Since 1974, New Zealand has had a system of universal no-fault health insurance for personal injuries through the Accident Compensation Corporation (ACC). The ACC scheme covers most of the costs of related to treatment of injuries acquired in New Zealand (including overseas visitors) regardless of how the injury occurred, and also covers lost income (at 80 percent of the employee's pre-injury income) and costs related to long-term rehabilitation, such as home and vehicle modifications for those seriously injured. Funding from the scheme comes from a combination of levies on employers' payroll (for work injuries), levies on an employee's taxable income (for non-work injuries to salary earners), levies on vehicle licensing fees and petrol (for motor vehicle accidents), and funds from the general taxation pool (for non-work injuries to children, senior citizens, unemployed people, overseas visitors, etc.)
Rwanda is one of a handful of low income countries that has implemented community-based health insurance schemes in order to reduce the financial barriers that prevent poor people from seeking and receiving needed health services. This scheme has helped reach 90% of the country's population with health-care coverage.
The UK's National Health Service (NHS) is a publicly funded healthcare system that provides coverage to everyone normally resident in the UK. It is not strictly an insurance system because (a) there are no premiums collected, (b) costs are not charged at the patient level and (c) costs are not pre-paid from a pool. However, it does achieve the main aim of insurance which is to spread financial risk arising from ill-health. The costs of running the NHS (est. £104 billion in 2007-8) are met directly from general taxation. The NHS provides the majority of health care in the UK, including primary care, in-patient care, long-term health care, ophthalmology, and dentistry.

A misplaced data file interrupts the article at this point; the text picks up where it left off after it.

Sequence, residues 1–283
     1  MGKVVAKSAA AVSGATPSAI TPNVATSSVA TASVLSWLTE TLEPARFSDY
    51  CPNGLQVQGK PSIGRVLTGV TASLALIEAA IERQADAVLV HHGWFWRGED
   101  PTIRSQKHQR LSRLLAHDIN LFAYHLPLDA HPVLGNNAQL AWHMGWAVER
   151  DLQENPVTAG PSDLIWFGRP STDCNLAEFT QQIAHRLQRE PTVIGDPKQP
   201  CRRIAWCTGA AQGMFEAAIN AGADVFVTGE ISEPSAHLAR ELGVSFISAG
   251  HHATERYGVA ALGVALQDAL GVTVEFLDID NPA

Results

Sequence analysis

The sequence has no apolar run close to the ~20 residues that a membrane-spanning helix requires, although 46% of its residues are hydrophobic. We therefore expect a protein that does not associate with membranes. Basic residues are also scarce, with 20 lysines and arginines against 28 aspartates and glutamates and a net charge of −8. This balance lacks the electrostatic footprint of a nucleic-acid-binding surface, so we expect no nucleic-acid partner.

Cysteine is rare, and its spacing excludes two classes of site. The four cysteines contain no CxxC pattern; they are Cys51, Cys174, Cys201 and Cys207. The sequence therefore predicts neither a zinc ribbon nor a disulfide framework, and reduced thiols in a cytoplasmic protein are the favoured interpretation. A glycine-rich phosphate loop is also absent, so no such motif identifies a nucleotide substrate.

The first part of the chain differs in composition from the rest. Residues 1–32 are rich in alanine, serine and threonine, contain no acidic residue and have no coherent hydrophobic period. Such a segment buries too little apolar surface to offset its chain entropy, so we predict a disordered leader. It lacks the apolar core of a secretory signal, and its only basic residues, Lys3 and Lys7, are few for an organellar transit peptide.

Private health care has continued parallel to the NHS, paid for largely by private insurance, but it is used by less than 8% of the population, and generally as a top-up to NHS services. There are many treatments that the private sector does not provide. For example, health insurance on pregnancy is generally not covered or covered with restricting clauses. Typical exclusions for Bupa schemes (and many other insurers) include: